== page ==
James Delingpole

Licensed to thrill

It’s at least as well acted, suspenseful and sexy as The Night Manager

Licensed to thrill
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My third most fervent New Year wish — just after Litecoin goes to £20,000 and Jacob Rees-Mogg becomes PM — is for the BBC to retire to its study with its service pistol and a bottle of whisky and finally do the decent thing.

After all, as lots of people are beginning to notice, when you spend 40 per cent of your viewing time watching your £79-a-year Amazon Prime, and another 40 per cent on £96-a-year Netflix, your compulsory £145.50 licence fee starts to look like a lot of money to pay for the remaining 20 per cent’s worth of diversity outreach, anti-Brexit whining and green propaganda.

That’s why I was so very disappointed by the BBC’s first big New Year offering. McMafia (Tuesdays) is so brilliant that it almost disproves my point. It’s at least as well acted, suspenseful and sexy to look at as The Night Manager was. So far, it doesn’t look remotely PC. And, unlike its similarly classy, high-budget predecessor, it has the massive bonus of not being burdened by John le Carré’s weird, cartoonish, out-of-date geopolitics.

Instead, it’s loosely adapted from a non-fiction work about the international drugs trade by investigative journalist Misha Glenny. Screenwriters Hossein Amini and James Watkins (who also directs) have used this to lend verisimilitude to a thrilling drama about a handsome, anglicised, public school-educated Russian unable to escape his family’s shady oligarch past.

As in all the best adventure yarns — from Lord of the Rings to The Thirty-Nine Steps to Star Wars — our hero, Alex Godman (a perfectly cast James Norton), is an ordinary-ish chap forced by extreme, unexpected circumstances to do extraordinary things. By inclination he is a respectable investment manager who has taken especial care to purge his past by putting together a fund untainted by anything Russian or otherwise dodgy. But by birthright — not unlike Michael Corleone in The Godfather — he is a ruthless, scheming master criminal. At least, let’s hope he is: otherwise, no way is he going to survive the next seven episodes.

What really impresses me so far about the series, after one episode, is its assurance, its restraint and its air of authenticity. Though the bursts of violence, when they come, are shocking, visceral and exciting, though the locations — Croatia, Qatar, Mumbai, Prague, Tel Aviv, Istanbul, Cairo, etc. — are James Bond exotic, and though everyone moves in the kind of circles where liveried waiters serve caviare at soirées modestly held at the Palace of Versailles, it’s nonetheless grounded in carefully observed and fully relatable reality.

There’s a wonderful vignette, for example, where crazy Uncle Boris, in his classic, oligarch-style English country mansion, is lecturing his Filipina maidservant on the correct way to serve him caviare. He’s at once petulant, high-handed, irascible and oddly sympathetic in the way he attempts simultaneously to tell her off and put her at her ease by explaining that he’s not really cross so she mustn’t look so glum.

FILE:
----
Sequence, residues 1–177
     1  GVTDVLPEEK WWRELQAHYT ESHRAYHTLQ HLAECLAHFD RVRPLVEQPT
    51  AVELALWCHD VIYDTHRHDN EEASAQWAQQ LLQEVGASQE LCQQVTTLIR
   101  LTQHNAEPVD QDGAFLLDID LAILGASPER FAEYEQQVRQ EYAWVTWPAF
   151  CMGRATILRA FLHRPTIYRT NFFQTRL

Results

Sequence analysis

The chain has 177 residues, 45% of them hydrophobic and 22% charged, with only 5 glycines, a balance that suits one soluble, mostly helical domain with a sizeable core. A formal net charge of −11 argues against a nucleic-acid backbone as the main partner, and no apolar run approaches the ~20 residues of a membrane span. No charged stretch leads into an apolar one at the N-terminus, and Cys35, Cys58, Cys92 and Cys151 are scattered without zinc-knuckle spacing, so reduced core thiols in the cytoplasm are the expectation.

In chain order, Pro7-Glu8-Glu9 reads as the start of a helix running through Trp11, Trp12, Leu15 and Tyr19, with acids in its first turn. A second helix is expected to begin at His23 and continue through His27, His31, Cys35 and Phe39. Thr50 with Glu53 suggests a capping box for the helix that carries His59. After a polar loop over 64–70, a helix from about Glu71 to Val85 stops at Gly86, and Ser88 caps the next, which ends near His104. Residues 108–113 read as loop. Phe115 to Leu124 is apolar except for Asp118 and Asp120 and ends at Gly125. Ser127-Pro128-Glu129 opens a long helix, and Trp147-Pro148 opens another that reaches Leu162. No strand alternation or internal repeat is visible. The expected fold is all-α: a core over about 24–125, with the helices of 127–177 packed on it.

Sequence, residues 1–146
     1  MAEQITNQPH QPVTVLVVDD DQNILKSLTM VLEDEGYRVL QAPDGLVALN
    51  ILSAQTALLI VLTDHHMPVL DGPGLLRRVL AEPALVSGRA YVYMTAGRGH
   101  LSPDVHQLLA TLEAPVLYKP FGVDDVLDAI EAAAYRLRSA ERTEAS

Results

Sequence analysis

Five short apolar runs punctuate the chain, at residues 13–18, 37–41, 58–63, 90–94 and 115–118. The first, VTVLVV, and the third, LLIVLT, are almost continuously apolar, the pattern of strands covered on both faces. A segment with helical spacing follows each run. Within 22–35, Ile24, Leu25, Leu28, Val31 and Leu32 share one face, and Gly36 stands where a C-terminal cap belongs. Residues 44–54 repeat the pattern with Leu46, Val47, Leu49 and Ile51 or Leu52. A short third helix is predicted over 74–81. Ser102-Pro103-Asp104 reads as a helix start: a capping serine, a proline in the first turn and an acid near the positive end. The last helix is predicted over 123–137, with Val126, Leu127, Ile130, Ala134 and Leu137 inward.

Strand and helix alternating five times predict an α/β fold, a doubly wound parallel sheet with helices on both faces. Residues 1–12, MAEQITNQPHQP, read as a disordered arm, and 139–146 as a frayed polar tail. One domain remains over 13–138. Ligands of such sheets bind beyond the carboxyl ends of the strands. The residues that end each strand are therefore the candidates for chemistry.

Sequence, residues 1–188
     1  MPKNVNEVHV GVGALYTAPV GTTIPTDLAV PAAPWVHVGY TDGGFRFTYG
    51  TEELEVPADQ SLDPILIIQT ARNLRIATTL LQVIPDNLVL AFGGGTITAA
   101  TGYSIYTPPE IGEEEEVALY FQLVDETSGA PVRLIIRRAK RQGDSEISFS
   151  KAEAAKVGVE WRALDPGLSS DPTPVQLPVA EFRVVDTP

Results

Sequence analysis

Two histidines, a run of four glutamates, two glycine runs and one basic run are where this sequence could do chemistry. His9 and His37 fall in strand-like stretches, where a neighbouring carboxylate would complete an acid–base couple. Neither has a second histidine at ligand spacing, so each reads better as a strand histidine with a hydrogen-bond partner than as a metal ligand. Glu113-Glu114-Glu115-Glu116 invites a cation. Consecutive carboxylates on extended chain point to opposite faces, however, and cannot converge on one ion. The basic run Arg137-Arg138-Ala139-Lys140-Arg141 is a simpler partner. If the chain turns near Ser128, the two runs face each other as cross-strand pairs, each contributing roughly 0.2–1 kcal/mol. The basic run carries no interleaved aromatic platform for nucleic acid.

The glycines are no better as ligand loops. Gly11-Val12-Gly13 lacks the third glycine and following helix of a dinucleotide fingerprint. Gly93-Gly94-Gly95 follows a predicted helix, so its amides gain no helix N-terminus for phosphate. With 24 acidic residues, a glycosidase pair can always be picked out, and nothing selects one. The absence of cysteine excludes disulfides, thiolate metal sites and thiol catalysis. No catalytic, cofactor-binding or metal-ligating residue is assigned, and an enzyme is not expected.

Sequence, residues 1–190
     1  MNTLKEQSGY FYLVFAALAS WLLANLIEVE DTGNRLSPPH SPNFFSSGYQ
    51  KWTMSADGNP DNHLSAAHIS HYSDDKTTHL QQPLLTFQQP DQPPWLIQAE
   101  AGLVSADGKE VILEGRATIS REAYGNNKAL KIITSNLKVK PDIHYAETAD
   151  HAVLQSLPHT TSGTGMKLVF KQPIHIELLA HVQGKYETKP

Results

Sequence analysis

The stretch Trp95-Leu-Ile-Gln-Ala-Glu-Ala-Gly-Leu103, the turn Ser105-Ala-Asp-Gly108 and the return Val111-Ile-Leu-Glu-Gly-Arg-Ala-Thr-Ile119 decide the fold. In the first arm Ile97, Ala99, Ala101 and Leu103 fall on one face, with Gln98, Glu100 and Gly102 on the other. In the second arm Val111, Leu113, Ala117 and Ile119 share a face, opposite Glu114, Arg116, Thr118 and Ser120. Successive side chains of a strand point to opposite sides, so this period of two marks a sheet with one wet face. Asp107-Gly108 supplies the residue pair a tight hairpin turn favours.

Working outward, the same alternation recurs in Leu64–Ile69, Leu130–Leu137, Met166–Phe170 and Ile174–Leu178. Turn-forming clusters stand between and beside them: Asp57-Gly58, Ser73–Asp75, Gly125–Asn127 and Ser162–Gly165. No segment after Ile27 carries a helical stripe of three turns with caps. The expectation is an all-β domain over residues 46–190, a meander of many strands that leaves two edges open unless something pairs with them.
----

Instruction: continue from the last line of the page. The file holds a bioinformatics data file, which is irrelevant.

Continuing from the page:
And there’s another scene where Alex is with his parents in Hyde Park: Dad morosely, drunkenly feeding the ducks, wishing as ever that he could just go home if only Putin would let him; Mum in her very expensive fur coat. ‘He is like a lion without hair,’ observes Mum sadly. ‘Without a mane,’ Alex corrects her. In a movie, these bits would probably have ended up on the cutting-room floor. But in an eight-part series you’ve got space — and Amini and Watkins have sensitively and intelligently made the most of it.

I have a theory that thanks to series such as The Sopranos and Breaking Bad, screen audiences are becoming much more discerning — and as a consequence we’re living through a golden age in which filmmakers are continually being forced to raise their game in order to avoid being left behind. And it’s not pure blockbuster action and special effects we crave now so much as messiness, moral ambiguity and expansiveness: the things that conventional Hollywood drama has, in recent years, invariably left on the cutting-room floor — with consequences it is beginning to rue.

McMafia is very much part of this positive trend and I only wish that the BBC could make dramas like it every month. But even if it had the budgets — which of course it doesn’t — it lacks the courage and the mindset. That’s because, unfortunately, the BBC’s instincts, like Hollywood’s, tend less towards artistic quality these days than they do towards virtue-signalling and social engineering. So a series like McMafia is always going to be the exception, not the rule.

Written byJames Delingpole

James Delingpole is officially the world's best political blogger. (Well, that's what the 2013 Bloggies said). Besides the Spectator, he is executive editor of Breitbart London and writes for Bogpaper.com and Ricochet.com. His website is www.jamesdelingpole.com and his latest book is Watermelons.

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